Non Endorsement Statement

THIA Is Inclusive Of The Entire Industry

THIA needs to remain focused on our Mission and Vision to create safety standards for tiny homes and open doors for tiny homes as dwellings that are permissible and permanent. Our goal is to be inclusive of the entire industry, that is the nature of consensus. We cannot take on the added  responsibility of ”policing” the industry. We will have common sense requirements for our commercial members.

Inclusion Does Not Imply Endorsement

Links or images that are published on this website or social media, which are associated with any person, company, organization or entity or to the brands, trademarks, products and/or services of any such person, company, organization or entity do not constitute or imply any endorsement, recommendation or preference by the THIA or by any person or group of people acting on behalf of the THIA.

Vetting Process

THIA has a requirement that builders that join THIA are a licensed contractor or are certified by a third party agency or meet the requirements  There are different levels of inspection and certification that we are presenting for the consumer to make their best choice, starting with a remote digitized inspection, meeting the requirements  of ASTM 541 and E699-16  or accredited by IAS, A2LA or ANSI. See certification. 

 Transport companies must have liability insurance and cargo insurance. We have included a link to the US Department of Transportation where you can check the status of their driving record and insurance status.

Further vetting will be the responsibility of the individual choosing the service, THIA is only providing choices

Due Diligence

A more thorough vetting of any service you find listed here or any other tiny home resource, should be up to the individual requiring the service. Never take the word of anyone that says you can legally live in an area unless you verify the information. Jurisdictions make these decisions.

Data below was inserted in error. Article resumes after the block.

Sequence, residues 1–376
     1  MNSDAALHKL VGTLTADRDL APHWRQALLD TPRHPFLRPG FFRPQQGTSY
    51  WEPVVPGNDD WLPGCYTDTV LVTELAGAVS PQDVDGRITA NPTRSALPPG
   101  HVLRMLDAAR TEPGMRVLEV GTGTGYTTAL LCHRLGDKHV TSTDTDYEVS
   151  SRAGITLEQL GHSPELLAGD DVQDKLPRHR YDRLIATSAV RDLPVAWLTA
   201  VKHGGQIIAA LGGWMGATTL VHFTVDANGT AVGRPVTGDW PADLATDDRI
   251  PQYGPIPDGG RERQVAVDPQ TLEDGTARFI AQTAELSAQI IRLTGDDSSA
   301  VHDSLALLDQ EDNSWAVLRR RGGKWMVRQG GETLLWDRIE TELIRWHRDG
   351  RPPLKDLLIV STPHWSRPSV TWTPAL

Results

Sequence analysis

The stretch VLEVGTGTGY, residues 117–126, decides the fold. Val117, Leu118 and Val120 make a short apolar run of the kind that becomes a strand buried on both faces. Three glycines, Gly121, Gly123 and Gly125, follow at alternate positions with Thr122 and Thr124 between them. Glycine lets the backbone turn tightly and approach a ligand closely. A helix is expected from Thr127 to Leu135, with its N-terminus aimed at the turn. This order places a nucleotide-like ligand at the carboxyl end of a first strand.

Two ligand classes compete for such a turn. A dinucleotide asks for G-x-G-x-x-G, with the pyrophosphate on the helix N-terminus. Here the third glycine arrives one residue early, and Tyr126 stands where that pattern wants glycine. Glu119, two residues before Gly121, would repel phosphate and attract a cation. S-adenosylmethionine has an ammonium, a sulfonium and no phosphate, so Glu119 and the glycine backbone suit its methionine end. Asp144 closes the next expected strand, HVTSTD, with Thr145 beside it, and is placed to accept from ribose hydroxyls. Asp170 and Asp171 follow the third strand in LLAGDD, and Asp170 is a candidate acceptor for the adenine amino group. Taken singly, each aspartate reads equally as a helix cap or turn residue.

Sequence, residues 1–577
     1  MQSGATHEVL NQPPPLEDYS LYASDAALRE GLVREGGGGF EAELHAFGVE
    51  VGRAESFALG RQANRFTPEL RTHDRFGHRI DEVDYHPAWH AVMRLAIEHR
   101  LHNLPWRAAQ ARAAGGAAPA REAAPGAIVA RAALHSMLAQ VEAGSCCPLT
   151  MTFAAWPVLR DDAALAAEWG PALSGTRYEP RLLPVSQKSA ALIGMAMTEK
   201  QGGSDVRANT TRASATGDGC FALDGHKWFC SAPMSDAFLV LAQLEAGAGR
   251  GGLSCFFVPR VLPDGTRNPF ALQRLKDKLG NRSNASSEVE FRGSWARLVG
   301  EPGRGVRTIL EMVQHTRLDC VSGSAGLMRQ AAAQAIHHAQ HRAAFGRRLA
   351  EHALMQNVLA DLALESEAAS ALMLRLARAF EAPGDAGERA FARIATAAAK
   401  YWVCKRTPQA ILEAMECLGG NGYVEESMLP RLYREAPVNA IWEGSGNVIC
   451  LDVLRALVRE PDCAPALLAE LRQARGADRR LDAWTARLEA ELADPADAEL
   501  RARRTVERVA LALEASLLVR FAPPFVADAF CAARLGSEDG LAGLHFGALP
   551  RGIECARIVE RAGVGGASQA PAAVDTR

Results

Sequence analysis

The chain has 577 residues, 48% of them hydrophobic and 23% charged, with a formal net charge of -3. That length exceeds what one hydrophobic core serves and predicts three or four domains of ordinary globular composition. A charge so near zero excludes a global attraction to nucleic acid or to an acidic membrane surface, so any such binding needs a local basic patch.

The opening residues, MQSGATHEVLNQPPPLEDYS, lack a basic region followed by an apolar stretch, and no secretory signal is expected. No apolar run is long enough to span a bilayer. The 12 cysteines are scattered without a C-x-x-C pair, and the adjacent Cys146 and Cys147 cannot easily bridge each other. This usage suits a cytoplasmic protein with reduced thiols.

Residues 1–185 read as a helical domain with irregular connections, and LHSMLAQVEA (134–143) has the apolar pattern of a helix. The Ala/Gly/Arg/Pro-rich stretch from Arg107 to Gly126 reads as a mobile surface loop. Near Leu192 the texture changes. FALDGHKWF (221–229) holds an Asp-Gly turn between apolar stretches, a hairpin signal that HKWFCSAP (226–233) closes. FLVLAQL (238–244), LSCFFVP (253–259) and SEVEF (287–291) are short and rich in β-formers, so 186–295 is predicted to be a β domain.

Find your permissible place to live first, we are still seeing the sad stories where people are kicked out of where they want to live with their brand new tiny home.

Common Problems That Can Be Avoided For The Consumer

  • Research the builder
  • Find out what standards the builder builds to. Common building code and standards are NFPA 1192, ANSI 119.5, IRC, IBC or a combination
  • Is the builder a licensed contractor or certified by a third party agency?
  • Does the 3rd party agency have oversight?
  • The most common problem is building tiny homes without egress, a way to escape from the loft
  • Research your insurance requirements first, what do they accept and require. Wood stoves have installation and EPA requirements
  • Does the builder have insurance to protect your home while it is being built?
  • Make sure your own insurance is effective, the moment the tiny home leaves the building site.
  • Disclose everything to the insurance company to make sure claims are paid.
  • Building a tiny home yourself and thinking of foregoing insurance. Think again
  • Get a contract with your builder and go over it and make sure everything has been addressed
  • Ask about their warranty, make sure it is on the contract that is signed by both
  • Make sure you have working smoke and carbon monoxide detectors that you change and test on scheduled dates
  • Have a fire extinguisher in several areas of your tiny home

Suggestions For Builders To Prevent Common Problems

  • Please do not use images of other builders on your websites
  • Make sure you have insurance coverage on the tiny homes you are building for others
  • Become certified for added credibility
  • Never build lofts without means of egress, this is the main problem we are seeing
  • Get a contract with your client  and go over it and make sure everything has been addressed
  • Never ignore problems with your client, that is how bad reviews go viral on social media, yelp,  leading to Better Business Bureau and Attorney General complaints
  • Display your warranty on your website and contract that is signed by both parties
  • The trailer should be structurally rated to support the load which is placed upon it.


If the consumer knows what to look for to protect them self and the builder adheres to best practices, all parties will help further the Mission and Vision of THIA. 

This will continue the progression of the entire tiny home  industry.

Removal Of Members

Membership may be revoked at any time in response to behavior that may be interpreted as unethical, improper, illegal or damaging to the tiny home industry.

THIA Cannot Be Involved In Disputes

THIA will document complaints, but we cannot be in the middle of two unsatisfied parties that have found their services here or on any other resource for tiny homes, Legally we cannot give advice, take sides, mediate or comment. If the complaint is about a board member, we will ask the board member to contact you directly to resolve any issues.

As an Association we strive to share best practices for safe building and ethical  business practices with our Members and the entire Industry

Thank you for joining and supporting our advocacy efforts

Become A Member